When the court ordered you to pay alimony, you weren’t exactly pleased. However, you’ve respected your obligation and always paid on time. Meanwhile, it appears that your former spouse has a live-in lover. Will proving their cohabitation put an end to your payments? Possibly. However, it’s not as easy as you might think.
In the simplest of terms, most people think of cohabitation as two people living together as though they were married. Meanwhile, New Jersey’s alimony statute provides a formal definition of cohabitation, found in NJSA 2A:34-23(n) as involving :
…. a mutually supportive, intimate personal relationship in which a couple has undertaken duties and privileges that are commonly associated with marriage or civil union but does not necessarily maintain a single common household.
More than likely, it’s the last line of the statutory language that comes as a surprise to many. That said, a great deal goes into determining whether alimony should stop temporarily or end completely based on issues regarding cohabitation.
In the meantime, you could be worried that your former husband or wife wants to terminate your alimony. However, the court considers several factors in assessing cohabitation, including evidence of the following:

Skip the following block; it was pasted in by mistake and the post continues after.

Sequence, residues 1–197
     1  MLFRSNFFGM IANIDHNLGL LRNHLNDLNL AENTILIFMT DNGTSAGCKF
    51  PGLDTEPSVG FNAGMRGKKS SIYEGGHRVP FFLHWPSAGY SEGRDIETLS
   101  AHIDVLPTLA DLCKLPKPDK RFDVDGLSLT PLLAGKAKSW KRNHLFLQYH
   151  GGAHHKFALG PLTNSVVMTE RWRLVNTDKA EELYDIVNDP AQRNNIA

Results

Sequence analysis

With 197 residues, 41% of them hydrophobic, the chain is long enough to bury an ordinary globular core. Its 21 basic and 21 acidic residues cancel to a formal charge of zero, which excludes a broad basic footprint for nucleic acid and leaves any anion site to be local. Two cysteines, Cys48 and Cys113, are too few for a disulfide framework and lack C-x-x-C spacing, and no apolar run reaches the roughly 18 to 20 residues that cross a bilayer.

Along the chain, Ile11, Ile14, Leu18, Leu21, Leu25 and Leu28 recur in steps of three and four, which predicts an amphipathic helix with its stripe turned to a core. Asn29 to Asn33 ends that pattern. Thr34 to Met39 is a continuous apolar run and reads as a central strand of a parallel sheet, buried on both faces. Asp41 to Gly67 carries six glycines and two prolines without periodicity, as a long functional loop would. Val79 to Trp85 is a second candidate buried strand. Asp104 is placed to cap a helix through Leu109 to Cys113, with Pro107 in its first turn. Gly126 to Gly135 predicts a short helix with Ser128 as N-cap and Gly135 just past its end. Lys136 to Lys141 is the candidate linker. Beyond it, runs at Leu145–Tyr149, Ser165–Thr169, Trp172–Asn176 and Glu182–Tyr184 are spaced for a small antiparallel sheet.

(1) Intertwined finances such as joint bank accounts and other joint holdings or liabilities;
(2) Sharing or joint responsibility for living expenses;
(3) Recognition of the relationship in the couple's social and family circle;
(4) Living together, the frequency of contact, the duration of the relationship, and other indicia of a mutually supportive intimate personal relationship;
(5) Sharing household chores;
(6) Whether the recipient of alimony has received an enforceable promise of support from another person
The court may also review other evidence in making determinations regarding stopping spousal support based on allegations of cohabitation. The length of the relationship proves critical. And, just because the new couple doesn’t live together full-time means the court will find an absence of cohabitation.
Recently, the New Jersey Appellate Division ruled on a case that you may find of interest. The court’s unpublished decision in Wood v. Wood provides some interesting insight into the issue of cohabitation.
Ex-Husband Wanted to Terminate Alimony Obligation
The Appellate Division decided the Wood case on May 16, 2019. The matter does not represent new law, and its use is limited because it is not a precedential decision. However, it is binding on the named parties.